This week, Google Shopping Express heralds an age of ambient commerce, while the tech giant keeps getting in trouble for overstepping the boundaries of privacy laws. Meanwhile, a forgotten social app rose from the dead to help users craft an online identity based on the social issues and causes they believe in.
Here is our weekly roundup of digital news:
Google Shopping Express and the future of autonomy
On Wednesday, Google Shopping Express, the tech giant’s local same-day delivery service, launched for residents of San Francisco and the Silicon Valley. Users can place orders at local chain stores and specify a delivery window, then a courier is dispatched to purchase and bring the goods.
Attempts at similar services have been made by Amazon, eBay and Walmart with varying degrees of success, as the physical logistics remain difficult, despite the well-established networks for customer data and information.
With Google stepping into logistics and commerce, it raises the prospect of what some experts are calling “ambient commerce,” explained nicely in this Wired article. As more of our consumables become connected to data networks, delivery services could learn how to restock their customers without the customers making any requests. (Low on toilet paper? Don’t worry, the machine knows and someone’s on their way.) With the amount of user information Google has already collected, could it eventually predict and decide what Google Shopping Express customers want?
eBay executive John Sheldon put it best: “Ambient commerce is about consumers turning over their trust to the machine.”
While the prospect might excite retailers (and toilet paper companies, to run with this example), it creates the prospect of a future of people living increasingly non-autonomous, isolated lives. Venture capitalist Tom Rand discussed with rDigitaLife the ways in which we already live in a virtual world:
“When you sit in an apartment in downtown Toronto and you’re watching the fires in Texas or the floods in Pakistan on the TV and you’re ordering take-in or take-out food, that is a kind of virtual world too.”
As technology enables us to stay within our own bubbles, our connections with the real world and real people around us diminish. If our devices start compiling our shopping lists and ordering everything for us, how much is left for us to decide for ourselves?
Google fined by France for failing to increase transparency
Recently, whenever a government and data security are mentioned in the same headline, the story is about a country failing to adequately protect the privacy and civil rights of his citizen. This week, however, one country started demanding that tech companies at least open the curtains on their data collection techniques.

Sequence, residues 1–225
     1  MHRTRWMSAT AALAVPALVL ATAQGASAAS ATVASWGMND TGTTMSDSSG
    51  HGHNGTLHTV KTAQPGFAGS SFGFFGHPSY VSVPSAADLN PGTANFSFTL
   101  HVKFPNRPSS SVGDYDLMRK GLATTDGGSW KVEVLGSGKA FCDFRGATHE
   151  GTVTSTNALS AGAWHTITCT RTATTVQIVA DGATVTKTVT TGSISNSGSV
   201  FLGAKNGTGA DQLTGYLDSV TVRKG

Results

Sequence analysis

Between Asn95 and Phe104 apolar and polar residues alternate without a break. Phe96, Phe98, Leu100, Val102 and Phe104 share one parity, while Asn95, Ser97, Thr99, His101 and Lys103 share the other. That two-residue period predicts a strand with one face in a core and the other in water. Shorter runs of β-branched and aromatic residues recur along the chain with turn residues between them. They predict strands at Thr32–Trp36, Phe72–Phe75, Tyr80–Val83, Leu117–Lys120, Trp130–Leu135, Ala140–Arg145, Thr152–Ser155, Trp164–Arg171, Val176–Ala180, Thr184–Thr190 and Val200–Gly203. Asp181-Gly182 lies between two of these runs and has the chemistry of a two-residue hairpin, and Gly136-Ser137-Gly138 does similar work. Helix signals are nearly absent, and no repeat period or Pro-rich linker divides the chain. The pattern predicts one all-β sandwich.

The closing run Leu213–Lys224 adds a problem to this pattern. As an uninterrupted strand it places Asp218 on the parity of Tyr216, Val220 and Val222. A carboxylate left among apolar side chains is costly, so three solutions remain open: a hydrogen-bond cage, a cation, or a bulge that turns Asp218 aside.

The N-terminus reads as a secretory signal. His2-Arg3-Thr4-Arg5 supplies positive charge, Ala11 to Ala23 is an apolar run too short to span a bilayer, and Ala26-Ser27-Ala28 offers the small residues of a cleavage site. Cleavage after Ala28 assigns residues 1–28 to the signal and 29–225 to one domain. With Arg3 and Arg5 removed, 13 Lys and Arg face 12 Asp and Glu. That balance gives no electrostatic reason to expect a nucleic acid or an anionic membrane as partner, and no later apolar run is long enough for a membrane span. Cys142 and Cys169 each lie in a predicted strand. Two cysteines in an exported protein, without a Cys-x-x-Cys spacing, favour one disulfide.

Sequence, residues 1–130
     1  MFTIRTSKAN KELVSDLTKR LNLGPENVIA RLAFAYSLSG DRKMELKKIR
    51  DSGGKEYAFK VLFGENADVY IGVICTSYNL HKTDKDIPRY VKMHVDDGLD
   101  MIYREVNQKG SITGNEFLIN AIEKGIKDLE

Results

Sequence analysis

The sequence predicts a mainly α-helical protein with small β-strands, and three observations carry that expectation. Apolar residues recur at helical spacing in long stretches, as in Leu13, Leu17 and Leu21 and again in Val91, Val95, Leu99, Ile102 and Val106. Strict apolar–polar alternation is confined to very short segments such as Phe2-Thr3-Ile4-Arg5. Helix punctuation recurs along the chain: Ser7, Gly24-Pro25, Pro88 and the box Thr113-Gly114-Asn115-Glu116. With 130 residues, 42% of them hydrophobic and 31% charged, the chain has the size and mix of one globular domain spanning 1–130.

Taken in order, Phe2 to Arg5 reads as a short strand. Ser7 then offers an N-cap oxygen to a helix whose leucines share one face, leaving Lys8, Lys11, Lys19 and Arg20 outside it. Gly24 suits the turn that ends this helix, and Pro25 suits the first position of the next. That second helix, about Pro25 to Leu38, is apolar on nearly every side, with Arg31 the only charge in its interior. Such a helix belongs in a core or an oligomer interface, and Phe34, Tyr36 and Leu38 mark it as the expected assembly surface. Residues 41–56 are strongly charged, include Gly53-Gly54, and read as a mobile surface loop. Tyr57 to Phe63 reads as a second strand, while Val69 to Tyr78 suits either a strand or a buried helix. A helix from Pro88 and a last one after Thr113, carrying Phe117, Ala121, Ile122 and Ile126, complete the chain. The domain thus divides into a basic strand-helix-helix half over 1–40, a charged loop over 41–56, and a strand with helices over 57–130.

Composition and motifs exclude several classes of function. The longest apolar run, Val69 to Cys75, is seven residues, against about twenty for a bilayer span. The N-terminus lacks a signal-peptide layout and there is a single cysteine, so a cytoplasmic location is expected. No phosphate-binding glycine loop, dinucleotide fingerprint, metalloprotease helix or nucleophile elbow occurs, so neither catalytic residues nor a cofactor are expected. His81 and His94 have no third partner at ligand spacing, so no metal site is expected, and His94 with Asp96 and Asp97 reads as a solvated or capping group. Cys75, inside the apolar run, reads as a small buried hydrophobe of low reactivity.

France’s National Commission on Computing and Freedom, the agency that monitors the countries data security, plans to sanction Google 300,000 euros for failing to provide adequate information to users regarding the collection and use of data.
Five other European countries are apparently lining up to stage a similar defence against the encroachment of corporations on its citizens privacy. The money is a drop in the bucket for the monolithic company, but at least it shows state institutions defending the interests of its electorate, rather than merely getting out of the way.
Show your friends what you care about with Causes
In Facebook’s early days, an on-network app named Causes allowed users to affiliate themselves with a variety of non-profit campaigns, make a donation with a couple of clicks, and, perhaps most importantly, show their friends who they’re supporting.
The original Causes app did raise $48 million for a variety of campaigns, but was rather inefficient and fizzled out. On Tuesday, it relaunched as an independent network, while taking advantage of its established user base of 186 million.
Causes CEO Matt Mahan told TechCrunch that “we think your purpose or civic identity is a core part (of your overall identity) that’s currently underserved.” Causes makes the issues that you’re involved with front and centre in displaying who you are, while (hopefully) deepening your involvement with them. “We want the notion of supporting to be heavier and more meaningful than Liking or following on Facebook and Twitter,” he said.
Whether it succeeds in encouraging real, physical involvement with non-profit groups or not, leveraging the power of social networks for good is a net positive regardless.
In the wake of the #Kony2012 campaign and its vicious backlash, rDigitaLife contributor Andrew Evans wrote about generating civic involvement in a tech-obsessed youth culture. “Just because the Internet has made giving a s**t as simple as one click of the mouse doesn’t mean it shouldn’t count.”
By appealing to our desire to present a particular online identity, platforms like Causes might be able to do some good.